On 28 April 2020 the purchasers purported to terminate the contract by email (the Termination Email) and demanded repayment of the $10,000 payment made towards the deposit.

On 4 May 2020 the vendor served a default notice on the purchasers in relation to their failure to pay the balance of the deposit.

Subsequently the vendor notified the purchasers he accepted their repudiation of the contract – the purchasers having shown an intent to no longer be bound by the contract by purporting to terminate it.

The vendor then commenced the proceeding seeking orders that the purchasers pay the balance of the deposit and forfeit the $10,000 already paid pursuant to s 49(1) of the Property Law Act 1958(PLA).

The purchasers argued at the hearing the vendor had represented, in correspondence sent on his behalf, that he was prepared to extend the loan approval period, and consequently, the vendor was estopped from treating the Termination Email as out of time.

The outcome

His Honour Justice McDonald held:

  • The Termination Email was sent outside of the strict timeframe provided by General Condition 14.2(c) and could not terminate the contract.
  • The purchasers did not apply to HSBC, the lender named in the contract, for finance but applied (through a broker) with another lender, and therefore did not comply with their obligations under 14.2(b) to do everything reasonably required to obtain approval of the loan.
  • The contract became unconditional on or after 22 April 2020 (2 business days after the loan approval date as extended by express agreement).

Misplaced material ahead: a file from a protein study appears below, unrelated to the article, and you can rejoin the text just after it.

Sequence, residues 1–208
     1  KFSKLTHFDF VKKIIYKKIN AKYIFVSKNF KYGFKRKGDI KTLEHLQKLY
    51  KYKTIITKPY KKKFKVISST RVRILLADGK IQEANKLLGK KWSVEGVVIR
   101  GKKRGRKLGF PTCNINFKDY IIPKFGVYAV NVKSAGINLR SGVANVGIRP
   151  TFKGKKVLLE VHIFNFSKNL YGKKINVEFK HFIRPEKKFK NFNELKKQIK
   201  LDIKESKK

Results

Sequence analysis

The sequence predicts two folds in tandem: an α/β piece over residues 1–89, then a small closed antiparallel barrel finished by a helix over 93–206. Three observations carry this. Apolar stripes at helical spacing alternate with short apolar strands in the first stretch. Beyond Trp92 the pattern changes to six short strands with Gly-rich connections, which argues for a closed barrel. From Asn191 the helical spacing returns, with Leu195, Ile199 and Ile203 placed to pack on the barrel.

• The vendor did not make any 'clear' representation to the purchasers that the loan approval date would be extended. All that the evidence established was that the purchasers believed that negotiations were ongoing. This was not enough for the vendor to be estopped from treating the Termination Email as out of time.
  • The vendor was entitled to accept the purchasers' repudiation of the contract.
  • The balance of the deposit was due and payable by 20 May 2020 when the vendor accepted the purchasers' repudiation of the contract.

Exercise of discretion to return the deposit

By the time of the trial, the vendor had resold the property for $20,000 less than the amount payable under the contract.

In considering whether to exercise his discretion under s 49(2) of the PLA and order that the purchasers were entitled to return of the deposit notwithstanding their failure to comply with the subject to finance clause, His Honour held:

  • The purchasers must "do more than establish that forfeiture of the deposit would result in a financial windfall to the vendor, as will usually be the case".
  • The exercise of the discretion to return a deposit is "the exception rather than the rule", and is conditioned by recognition of the "critical function of a deposit being an earnest for contractual performance".
  • In all of the circumstances the purchasers had failed to establish the exercise of the discretion was justified.

Accordingly, the purchasers were ordered to pay the sum of $158,000 to the vendor and will likely have to pay interest and the legal costs of both parties in addition to that amount.

Had the purchasers applied for finance with the lender specified in accordance with the provisions of the contract, been rejected and terminated the contract within the specified period, all of this may have been avoided.

Pointon Partners' property and disputes teams are well place to provide advice in relation to disputes regarding the sale of land.


1Pearl v Nannegari & Ors [2021] VSC 468

The content of this article is intended to provide a general guide to the subject matter. Specialist advice should be sought about your specific circumstances.